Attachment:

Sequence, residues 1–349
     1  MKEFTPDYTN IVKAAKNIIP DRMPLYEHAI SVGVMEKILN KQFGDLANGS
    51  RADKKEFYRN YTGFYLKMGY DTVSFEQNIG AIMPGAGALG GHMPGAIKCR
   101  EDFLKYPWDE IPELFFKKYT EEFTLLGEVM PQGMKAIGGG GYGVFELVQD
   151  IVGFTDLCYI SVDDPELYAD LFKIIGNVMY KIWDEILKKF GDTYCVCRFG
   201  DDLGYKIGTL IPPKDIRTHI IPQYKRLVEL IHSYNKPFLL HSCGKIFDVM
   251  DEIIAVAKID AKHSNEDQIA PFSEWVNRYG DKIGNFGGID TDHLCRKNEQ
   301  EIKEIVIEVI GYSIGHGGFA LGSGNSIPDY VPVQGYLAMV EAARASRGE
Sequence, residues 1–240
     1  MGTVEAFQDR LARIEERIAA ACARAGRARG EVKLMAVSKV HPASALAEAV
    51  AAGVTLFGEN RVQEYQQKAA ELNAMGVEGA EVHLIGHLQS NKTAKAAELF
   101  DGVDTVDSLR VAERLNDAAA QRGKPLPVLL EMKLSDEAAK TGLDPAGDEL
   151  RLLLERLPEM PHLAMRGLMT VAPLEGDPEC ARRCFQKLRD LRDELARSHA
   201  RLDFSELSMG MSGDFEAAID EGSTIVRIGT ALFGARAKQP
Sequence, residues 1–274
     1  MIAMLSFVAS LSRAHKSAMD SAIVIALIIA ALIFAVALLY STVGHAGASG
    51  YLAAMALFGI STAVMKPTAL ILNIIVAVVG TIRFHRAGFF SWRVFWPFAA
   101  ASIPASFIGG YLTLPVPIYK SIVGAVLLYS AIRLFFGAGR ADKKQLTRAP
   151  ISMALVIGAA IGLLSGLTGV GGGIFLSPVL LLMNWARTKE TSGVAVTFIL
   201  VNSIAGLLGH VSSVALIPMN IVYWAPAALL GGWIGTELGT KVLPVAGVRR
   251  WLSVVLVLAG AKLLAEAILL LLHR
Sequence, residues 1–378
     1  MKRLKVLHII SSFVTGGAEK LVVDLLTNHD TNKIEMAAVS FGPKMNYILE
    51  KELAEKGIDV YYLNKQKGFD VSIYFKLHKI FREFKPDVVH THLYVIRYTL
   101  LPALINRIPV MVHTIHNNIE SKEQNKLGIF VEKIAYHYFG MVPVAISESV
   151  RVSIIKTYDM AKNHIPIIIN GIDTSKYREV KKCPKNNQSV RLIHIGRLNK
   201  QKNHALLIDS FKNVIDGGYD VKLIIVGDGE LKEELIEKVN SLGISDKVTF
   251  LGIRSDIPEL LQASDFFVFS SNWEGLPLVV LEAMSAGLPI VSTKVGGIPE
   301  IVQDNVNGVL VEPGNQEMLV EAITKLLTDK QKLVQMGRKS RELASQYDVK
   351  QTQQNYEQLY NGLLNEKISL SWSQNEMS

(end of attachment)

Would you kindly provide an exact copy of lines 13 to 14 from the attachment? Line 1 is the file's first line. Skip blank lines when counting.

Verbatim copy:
   151  RLLLERLPEM PHLAMRGLMT VAPLEGDPEC ARRCFQKLRD LRDELARSHA
   201  RLDFSELSMG MSGDFEAAID EGSTIVRIGT ALFGARAKQP